Speaking of legends, I also had the chance to photograph Rivers Cuomo of Weezer when he came to San Francisco to play a solo acoustic show at a small venue in town called August Hall. I hadn’t seen Weezer in a long time, and I had missed shooting their recent tour stop in the Bay Area due to summer travels, so I was thankful to catch him in such a unique setting. Unfortunately the venue was set up in such a way that there wasn’t a dedicated spot in front for photographers to work from, but I was able to grab a little spot stage right where I could get some fun profile shots.
One of my most pleasant surprises came in October, when I finally got to shoot The National performing at the Greek Theatre in Berkeley again. I say “finally” because I had been scheduled to photograph them one year earlier in the same location, but the show had to be postponed due to the unhealthy air that blanketed the Bay Area during the Santa Rosa fires. A year was a long time to wait for a postponed show, but it turned out to be worth it.
I had photographed The National once before, in the same venue, and came away a little disappointed. They’re the kind of band that produces some pretty moody, cerebral rock music, and lead singer Matt Berninger can deliver his signature baritone in a pretty subdued, melancholy sort of manner most of the time. The first time I shot them, that’s exactly what I got - Matt, standing at a microphone in near darkness, hardly moving. Not the most exciting photos. But this time, thankfully, I got the other Matt: a frenzied, demon-possessed version of himself that makes for much better photos!
I also got to shoot one of my favorite subjects again: Twenty One Pilots. It had been almost two years since I last saw them, unbelievably, and once again their show did not disappoint. (Except that we only got to shoot two short songs, that part was a bummer. But hey, still worth it.) These guys keep going bigger and bigger with their production and somehow keep finding a way to work new elements into their show to keep it interesting for their fans. I hope 2019 gives me another chance to photograph them!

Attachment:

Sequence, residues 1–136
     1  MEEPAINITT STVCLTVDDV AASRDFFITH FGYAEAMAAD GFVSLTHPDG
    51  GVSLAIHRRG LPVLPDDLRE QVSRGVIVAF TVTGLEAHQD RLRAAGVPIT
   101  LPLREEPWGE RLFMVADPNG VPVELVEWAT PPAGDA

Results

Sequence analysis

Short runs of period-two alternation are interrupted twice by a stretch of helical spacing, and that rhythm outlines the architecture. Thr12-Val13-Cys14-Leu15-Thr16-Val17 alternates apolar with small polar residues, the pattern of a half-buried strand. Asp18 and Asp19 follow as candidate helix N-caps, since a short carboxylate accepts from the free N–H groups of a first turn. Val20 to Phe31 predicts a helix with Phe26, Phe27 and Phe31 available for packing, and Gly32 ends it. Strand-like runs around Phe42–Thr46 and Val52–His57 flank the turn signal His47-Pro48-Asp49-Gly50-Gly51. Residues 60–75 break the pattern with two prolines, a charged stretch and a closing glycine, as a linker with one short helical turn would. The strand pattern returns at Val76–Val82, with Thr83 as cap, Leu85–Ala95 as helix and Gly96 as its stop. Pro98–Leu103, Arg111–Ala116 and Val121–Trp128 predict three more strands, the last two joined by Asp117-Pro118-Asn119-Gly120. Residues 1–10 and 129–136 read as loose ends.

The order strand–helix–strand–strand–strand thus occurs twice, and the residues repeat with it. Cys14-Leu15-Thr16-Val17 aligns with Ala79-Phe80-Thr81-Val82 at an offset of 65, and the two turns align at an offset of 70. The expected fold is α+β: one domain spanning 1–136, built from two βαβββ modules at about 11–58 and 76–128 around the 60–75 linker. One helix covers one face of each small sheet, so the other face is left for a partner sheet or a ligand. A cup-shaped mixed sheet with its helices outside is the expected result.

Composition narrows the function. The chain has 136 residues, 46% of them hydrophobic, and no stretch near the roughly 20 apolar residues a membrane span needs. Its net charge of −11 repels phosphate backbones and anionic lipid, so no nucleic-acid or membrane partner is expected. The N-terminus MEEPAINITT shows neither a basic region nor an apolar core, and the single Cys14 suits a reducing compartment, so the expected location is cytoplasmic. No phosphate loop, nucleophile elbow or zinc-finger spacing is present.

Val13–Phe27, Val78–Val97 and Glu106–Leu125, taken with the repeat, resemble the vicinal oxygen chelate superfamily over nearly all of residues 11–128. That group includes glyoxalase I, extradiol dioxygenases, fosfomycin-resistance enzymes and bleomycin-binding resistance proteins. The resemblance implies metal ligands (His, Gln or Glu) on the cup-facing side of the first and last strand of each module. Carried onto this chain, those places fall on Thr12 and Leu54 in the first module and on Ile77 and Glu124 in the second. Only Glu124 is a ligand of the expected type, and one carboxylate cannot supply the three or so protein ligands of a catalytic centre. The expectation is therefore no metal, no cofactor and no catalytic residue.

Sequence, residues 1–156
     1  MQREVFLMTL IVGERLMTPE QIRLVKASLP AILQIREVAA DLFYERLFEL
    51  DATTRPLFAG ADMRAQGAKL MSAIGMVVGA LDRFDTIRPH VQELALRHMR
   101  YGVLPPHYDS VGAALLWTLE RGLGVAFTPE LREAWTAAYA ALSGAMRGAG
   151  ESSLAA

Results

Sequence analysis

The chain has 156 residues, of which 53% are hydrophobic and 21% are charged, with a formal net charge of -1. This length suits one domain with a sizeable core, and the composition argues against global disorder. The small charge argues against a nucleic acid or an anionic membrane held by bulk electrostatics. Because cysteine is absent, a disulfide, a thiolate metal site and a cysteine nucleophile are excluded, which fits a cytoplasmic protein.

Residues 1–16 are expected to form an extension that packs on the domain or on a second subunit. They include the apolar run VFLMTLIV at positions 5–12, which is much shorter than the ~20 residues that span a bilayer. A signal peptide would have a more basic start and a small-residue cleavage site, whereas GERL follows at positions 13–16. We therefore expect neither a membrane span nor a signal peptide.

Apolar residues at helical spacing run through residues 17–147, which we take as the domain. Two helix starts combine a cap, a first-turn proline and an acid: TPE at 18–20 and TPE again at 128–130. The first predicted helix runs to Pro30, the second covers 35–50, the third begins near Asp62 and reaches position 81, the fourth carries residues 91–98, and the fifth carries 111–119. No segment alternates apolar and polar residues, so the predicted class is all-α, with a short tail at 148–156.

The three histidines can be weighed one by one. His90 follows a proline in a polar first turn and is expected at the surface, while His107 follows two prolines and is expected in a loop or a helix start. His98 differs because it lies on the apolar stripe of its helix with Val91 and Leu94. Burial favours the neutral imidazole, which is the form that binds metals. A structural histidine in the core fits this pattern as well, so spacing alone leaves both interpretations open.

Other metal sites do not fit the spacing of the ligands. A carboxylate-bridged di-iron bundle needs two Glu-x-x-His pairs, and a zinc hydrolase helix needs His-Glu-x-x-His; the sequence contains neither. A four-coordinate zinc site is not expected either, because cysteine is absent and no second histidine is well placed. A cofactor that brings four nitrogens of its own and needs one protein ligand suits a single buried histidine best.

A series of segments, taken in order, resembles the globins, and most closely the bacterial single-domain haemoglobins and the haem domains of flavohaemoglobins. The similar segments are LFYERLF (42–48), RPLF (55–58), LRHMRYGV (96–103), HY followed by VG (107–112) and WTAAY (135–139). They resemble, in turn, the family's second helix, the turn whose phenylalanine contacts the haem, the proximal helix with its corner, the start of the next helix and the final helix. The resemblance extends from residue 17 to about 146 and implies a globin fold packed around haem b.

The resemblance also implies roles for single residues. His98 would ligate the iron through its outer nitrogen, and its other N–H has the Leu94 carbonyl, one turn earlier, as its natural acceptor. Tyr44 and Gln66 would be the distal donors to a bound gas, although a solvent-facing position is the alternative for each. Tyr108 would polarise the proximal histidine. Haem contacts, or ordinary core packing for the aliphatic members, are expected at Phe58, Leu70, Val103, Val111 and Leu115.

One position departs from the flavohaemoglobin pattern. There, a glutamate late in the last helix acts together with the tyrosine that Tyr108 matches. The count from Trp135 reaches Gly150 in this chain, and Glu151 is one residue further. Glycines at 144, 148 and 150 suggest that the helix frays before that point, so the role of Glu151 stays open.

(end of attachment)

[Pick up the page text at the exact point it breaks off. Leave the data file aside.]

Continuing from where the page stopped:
So what was my favorite show this year? That one is easy: David Byrne’s American Utopia Tour.
But explaining why it was my favorite is maybe not so easy.
You see, David Byrne isn’t like most artists. If you’re familiar with his earlier work as the frontman of Talking Heads, you know what I mean. He’s got a slant way of looking at the world and he packages it into catchy, unexpectedly quirky lyrics and melodies. He’s an artist in the truest sense, and that extends to his live show as well. One viewing of Talking Heads’ groundbreaking concert film Stop Making Sense and you’ll know that David Byrne doesn’t do concerts the way most musicians do.
For the American Utopia tour, David seemed to have thought to himself, “how can I strip away everything that people expect to see at a normal concert?” He performs the entire show in a grey, featureless chainmail box with none of the expected concert elements - you know, like instruments and amps and microphones - cluttering the stage. His band, eleven strong, wear their instruments like a marching band and perform mesmerizing choreography synchronized with some pretty creative use of light. David wears his trademark grey suit - with a few extra pockets for good measure - but skips the socks and shoes. His band dress likewise, blending together, though they are otherwise richly diverse in gender, age and ethnicity.
It’s a surreal experience, and difficult to adequately describe. You just have to see it to understand.
With nothing on the stage to hide behind, and no fancy light show or video feed to distract the audience, he’s exposed; he only has his music to entertain you. Luckily his music is pretty darn good! But there’s something else that’s hard to put into words. It’s just an indescribable joy that flows from everyone on stage. I’ve never been to a show where everyone on stage - in this case, twelve performers - seems to genuinely be having the absolute best time of their life for an hour and a half straight. And somehow, they did this for more than a hundred shows spread across the globe!
One of my favorite shots from that show wasn’t of David, but one of his six (!) percussionists, Stephane San Juan. Between verses of the Talking Heads classic “I Zimbra” the percussionists would turn and form a little drum circle, and the expressions of joy on their face as they faced one another was so genuine. It was if they all became kids again, reminding each other why they loved making music in the first place. I couldn’t help but take a quick picture of them.
That show’s infectious joy reminded me in a big way why I love going to shows, and getting up close to capture artists in still images like this. As I alluded to before, sometimes the industry has a way of beating you down, making you feel pretty small. It can make you question why you bother racking up the expenses and putting in the late hours. I had my fair share of that those feelings this year, and at times I questioned if I shouldn’t walk away for a bit.
But artists like David Byrne reminded me that there are reasons to be cheerful.
Here’s to a great year, and hopefully an even more cheerful 2019.